Father, this is such a tall order and I fail you daily but because of your mercy I am forgiven. Please help me to live in such a way that even in my failures I am pointing others to you. On days like today when I just feel like enduring, remind me that is because I haven’t spent time with You and forgive me for not wanting to engage. Thank you for being the author of grace and redemption. Thank you for your limitless, unconditional love. Amen.

It’s a book trailer…


Run and Be Still Books now available in soft cover and hardback!

Plus, through Wed 10/23 take an additional 10% off with code BOOKTRAILERWP1013!

Things have been busy lately (to put it mildly.)  Tonight, I am excited to share my newest project with you, the book trailer, in addition to offering my WordPress readers a special discount.  Enjoy and thanks for reading!

I wish I may, I wish I might…

pray impossible
Don’t just pray about what seems logical and possible. Pray hard about the impossible. God will show you that NOTHING, nothing, nothing, nothing is impossible with Him. Ever. Period. End of Story.

You make beautiful things out of the dust. (Gungor, Beautiful Things)

I am fascinated lately by this imagery, Glorious Ruins, life from the ashes, beauty springing forth from destruction.  I guess this is what hope is, if you had to put a label on this picture.  But in my mind, this is bigger than that.  Hope is defined as “a wish to get or do something, or for something to happen or be true, especially something that seems possible or likely.”  What I am talking about is a hope that is bigger than a wish.  A belief in the impossible!   Hope that is only possible through the hand of God, our Father.  Who else can take a story of death and disease and turn it beautiful.  Not me, not without God.  Who else can repair relationships that are damaged beyond our ability to communicate? Only through God.  He is the one who can get to the “heart” of the matter.  We can’t change others, we can’t fix them, our love isn’t enough.  But God’s is.  He is the perfecter of love and He wields the power to change the unchangeable.  Nothing is to big for God!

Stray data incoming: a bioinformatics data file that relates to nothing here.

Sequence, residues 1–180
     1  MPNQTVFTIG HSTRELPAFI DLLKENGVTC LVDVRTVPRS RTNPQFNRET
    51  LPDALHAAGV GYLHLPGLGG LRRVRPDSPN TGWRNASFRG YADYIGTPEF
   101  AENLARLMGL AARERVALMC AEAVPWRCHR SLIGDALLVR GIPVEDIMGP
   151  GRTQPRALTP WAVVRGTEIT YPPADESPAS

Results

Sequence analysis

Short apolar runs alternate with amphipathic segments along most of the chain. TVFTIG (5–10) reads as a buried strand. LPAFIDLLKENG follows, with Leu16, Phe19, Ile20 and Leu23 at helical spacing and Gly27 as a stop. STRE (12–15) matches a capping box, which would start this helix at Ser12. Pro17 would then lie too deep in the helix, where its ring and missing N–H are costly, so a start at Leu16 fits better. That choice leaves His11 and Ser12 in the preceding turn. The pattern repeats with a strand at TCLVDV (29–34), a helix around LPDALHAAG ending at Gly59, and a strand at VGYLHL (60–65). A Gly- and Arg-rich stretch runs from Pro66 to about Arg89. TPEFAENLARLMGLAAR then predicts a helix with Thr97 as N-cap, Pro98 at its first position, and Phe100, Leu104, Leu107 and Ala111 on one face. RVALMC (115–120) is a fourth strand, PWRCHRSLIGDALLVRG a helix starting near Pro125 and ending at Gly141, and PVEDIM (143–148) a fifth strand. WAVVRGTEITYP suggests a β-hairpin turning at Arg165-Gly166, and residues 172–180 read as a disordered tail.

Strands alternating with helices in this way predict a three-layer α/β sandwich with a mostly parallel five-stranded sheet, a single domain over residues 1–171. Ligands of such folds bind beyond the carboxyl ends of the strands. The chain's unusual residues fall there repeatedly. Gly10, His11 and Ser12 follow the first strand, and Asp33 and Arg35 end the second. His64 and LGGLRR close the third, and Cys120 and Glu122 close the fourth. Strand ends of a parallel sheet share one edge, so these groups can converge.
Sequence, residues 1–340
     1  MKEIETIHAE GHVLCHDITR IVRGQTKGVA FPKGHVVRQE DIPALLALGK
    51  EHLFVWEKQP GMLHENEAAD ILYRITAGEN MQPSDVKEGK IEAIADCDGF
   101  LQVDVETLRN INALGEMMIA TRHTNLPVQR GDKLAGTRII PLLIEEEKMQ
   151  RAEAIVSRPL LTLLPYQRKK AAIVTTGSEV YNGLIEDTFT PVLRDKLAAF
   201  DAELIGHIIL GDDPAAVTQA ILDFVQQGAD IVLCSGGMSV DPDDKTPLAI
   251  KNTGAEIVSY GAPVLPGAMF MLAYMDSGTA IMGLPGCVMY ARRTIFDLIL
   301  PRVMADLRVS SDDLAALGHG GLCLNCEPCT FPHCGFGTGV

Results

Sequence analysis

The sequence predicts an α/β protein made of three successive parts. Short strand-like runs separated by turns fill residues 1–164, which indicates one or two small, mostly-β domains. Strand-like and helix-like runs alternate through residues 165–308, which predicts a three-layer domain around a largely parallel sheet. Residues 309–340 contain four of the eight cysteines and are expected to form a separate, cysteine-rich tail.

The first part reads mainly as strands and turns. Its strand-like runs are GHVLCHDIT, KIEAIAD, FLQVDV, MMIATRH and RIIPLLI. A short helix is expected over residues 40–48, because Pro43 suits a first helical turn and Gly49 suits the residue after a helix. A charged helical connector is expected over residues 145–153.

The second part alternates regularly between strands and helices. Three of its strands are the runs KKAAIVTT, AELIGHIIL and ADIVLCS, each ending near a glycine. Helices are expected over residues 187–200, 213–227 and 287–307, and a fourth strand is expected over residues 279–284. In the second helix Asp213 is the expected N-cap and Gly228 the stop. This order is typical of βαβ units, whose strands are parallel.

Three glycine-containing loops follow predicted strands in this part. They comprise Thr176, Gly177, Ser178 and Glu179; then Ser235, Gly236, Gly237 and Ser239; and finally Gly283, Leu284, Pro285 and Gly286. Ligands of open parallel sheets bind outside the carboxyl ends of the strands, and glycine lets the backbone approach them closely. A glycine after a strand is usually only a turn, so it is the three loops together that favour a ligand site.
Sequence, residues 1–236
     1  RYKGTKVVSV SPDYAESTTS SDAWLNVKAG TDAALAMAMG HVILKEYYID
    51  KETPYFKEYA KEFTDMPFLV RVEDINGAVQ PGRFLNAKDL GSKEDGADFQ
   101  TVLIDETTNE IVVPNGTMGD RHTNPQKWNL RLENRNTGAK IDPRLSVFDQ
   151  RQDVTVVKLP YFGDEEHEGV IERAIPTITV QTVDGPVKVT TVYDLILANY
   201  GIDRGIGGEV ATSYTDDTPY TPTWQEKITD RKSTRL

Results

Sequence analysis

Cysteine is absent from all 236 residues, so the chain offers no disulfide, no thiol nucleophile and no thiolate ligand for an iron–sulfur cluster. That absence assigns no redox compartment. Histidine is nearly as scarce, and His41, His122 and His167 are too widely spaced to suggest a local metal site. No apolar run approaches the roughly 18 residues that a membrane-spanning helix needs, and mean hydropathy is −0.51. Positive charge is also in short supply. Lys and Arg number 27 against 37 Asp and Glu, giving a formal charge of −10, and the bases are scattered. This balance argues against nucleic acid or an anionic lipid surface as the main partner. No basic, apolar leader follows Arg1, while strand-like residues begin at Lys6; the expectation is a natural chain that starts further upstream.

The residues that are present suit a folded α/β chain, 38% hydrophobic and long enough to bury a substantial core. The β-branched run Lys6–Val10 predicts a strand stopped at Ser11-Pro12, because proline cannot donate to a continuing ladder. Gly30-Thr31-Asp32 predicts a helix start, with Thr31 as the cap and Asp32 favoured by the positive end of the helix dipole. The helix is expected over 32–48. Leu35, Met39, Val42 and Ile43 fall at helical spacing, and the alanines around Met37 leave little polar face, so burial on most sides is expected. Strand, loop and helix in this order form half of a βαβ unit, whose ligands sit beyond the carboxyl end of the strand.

Sometimes we have to see things torn apart around us, we ourselves have to be torn down,  before we can spring forth, emerging stronger and more beautiful.  God’s hand in this process repairs us, so that even if our situation doesn’t change, we will still shine brilliantly, reflecting His love.  A lighthouse in the middle of the storm, guiding others to Him through that light of love. But being broken hurts, and healing, is a slow and painful process.

“Blessed is he whose help is the God of Jacob, whose hope is in the LORD his God, the Maker of heaven and earth, the sea, and everything in them– the LORD, who remains faithful forever” (Psalm 146:5,6).

Where is your hope springing forth from today?  Maybe a better question, the first question, is do you have hope?  Are you listening to a world that tells you to make wishes on stars and put your faith in the things that seem likely? Or in a God who says “Dream the impossible.  I love to answer big prayers in big ways.”  Those big miraculous answers are the answers that  are unmistakably from the hand of God.  In answering our big prayers, in bringing forth life from the ruins, His glory shines brighter.  Today, put your hope in God, not the things of this world.   Allow Him to have control,  not only of your situation, but also your heart, and then have the faith that He will not disappoint you!

Father God, You know my every desire and wish.  You know the secrets of my heart.  You know that sometimes I am afraid to hope for the impossible because of my fear of disappointment or failure.  Please help me to continue to put my hope in you and my fuel my faith in Your miraculous power.  Help me to remember, no matter how big or small Your answer to my prayer, it is exactly right in Your plan for my life. When things seem to be falling apart around me, help me to remember that this hasn’t slipped by without your knowledge.  You are the giver of life, and I will cling to Your promise of restoration and wholeness, even in the midst of the ruins, knowing that if it is Your sovereign plan, goodness and growth will spring forth from it.  I know your Word says you have big plans for me, good plans for me.  That you are able to do immeasurably more than I ask or even imagine.  Please Lord, plant in me the seeds of longing for Your plans.  Help the dreams I dream, be rooted and aligned in Your will, and help me not to sell them short for fear of the impossible.  I pray all of this in your holy, powerful, life-giving name. Amen.